Michael Boutros

Michael Boutros

Senior Economist

Bank of Canada

Welcome to my website. I’m a Senior Economist at the Bank of Canada as part of the Model Development and Research Division in the Financial Stability Department. My research focuses on macroeconomics and household finance, with an emphasis on business cycles. I have a PhD in Economics from Duke University.

All views on this website are my own.

Curriculum Vitae
[email protected]

Interests

  • Fiscal and Monetary Policy
  • Household Finance
  • Bounded Rationality

Education

  • PhD in Economics, 2016–2021

    Duke University

  • MA in Economics, 2019

    Duke University

  • BSc in Financial Economics, 2015

    University of Toronto

Working Papers

Borrow Now, Pay Even Later: A Quantitative Analysis of Student Debt Payment Plans October 2022
Michael Boutros, Nuno Clara, Francisco Gomes

In the U.S. student debt currently represents the second largest component of consumer debt, just after mortgage loans. Repayment of those loans reduces disposable income early in their life cycle when marginal utility is particularly high, and limits households' ability to build a buffer stock of wealth to insure against background risks. In this paper we study alternative student debt contracts, which offer a 10-year deferral period. During this period individuals either make interest payments only (“Principal Payment Deferral”, PPD) or make no payments at all (“Full Payment Deferral”, FPD) with the missed interest payments added to the value of the debt outstanding. We first calibrate an equilibrium with the current contracts, and then solve for counterfactual equilibria with the PPD or FPD contracts. We find that both alternatives generate economically large welfare gains, which are robust to different assumptions about the behavior of the lenders and borrower preferences. We decompose the gains into the percentages resulting from loan repricing and from the deferral of debt repayments.

Windfall Income Shocks with Finite Planning Horizons October 2022. Bank of Canada Staff Working Paper 2022-40.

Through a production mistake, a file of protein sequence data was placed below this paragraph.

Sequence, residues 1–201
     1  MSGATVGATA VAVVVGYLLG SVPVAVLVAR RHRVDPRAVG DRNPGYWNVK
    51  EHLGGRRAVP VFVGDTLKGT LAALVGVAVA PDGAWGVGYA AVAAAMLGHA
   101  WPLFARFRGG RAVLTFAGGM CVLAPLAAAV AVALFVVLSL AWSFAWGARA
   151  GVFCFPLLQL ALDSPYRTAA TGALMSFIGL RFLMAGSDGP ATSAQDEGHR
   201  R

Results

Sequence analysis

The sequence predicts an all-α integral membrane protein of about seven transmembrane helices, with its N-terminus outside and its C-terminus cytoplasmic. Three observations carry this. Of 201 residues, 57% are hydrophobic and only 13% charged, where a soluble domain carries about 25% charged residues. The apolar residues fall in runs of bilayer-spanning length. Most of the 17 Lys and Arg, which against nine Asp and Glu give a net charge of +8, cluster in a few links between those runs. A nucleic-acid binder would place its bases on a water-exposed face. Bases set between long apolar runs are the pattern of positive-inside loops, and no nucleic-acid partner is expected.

Michael Boutros

How do households respond to unanticipated income shocks? I build and estimate a quantitative model of bounded rationality in which reoptimization is costly. Households respond to windfall income shocks by choosing a finite planning horizon over which to reoptimize. The optimal horizon is increasing in income, wealth, and the magnitude of the income shock. In the estimated model, the distribution of consumption responses is consistent with two motivating facts: highly liquid households have large consumption responses out of income shocks that cannot be driven by borrowing constraints, and larger income shocks induce smaller consumption responses.

The Persistence of Miscalibration November 2020. R&R at The Review of Financial Studies. Latest Draft: September 2022.
Michael Boutros, Zahi Ben-David, John Graham, Campbell Harvey, John Payne

Using 14,800 forecasts of one-year S&P 500 returns made by Chief Financial Officers over a 12-year period, we track the individual executives who provide multiple forecasts to study how their beliefs evolve dynamically. While CFOs' return forecasts are systematically unbiased, their confidence intervals are far too narrow, implying significant miscalibration. We find that when return realizations fall outside of ex-ante confidence intervals, CFOs' subsequent confidence intervals widen considerably. These results are consistent with a model of Bayesian learning which suggests that the evolution of beliefs should be impacted by return realizations. However, the magnitude of the updating is dampened by the strong conviction in beliefs inherent in the initial miscalibration and, as a result, miscalibration persists.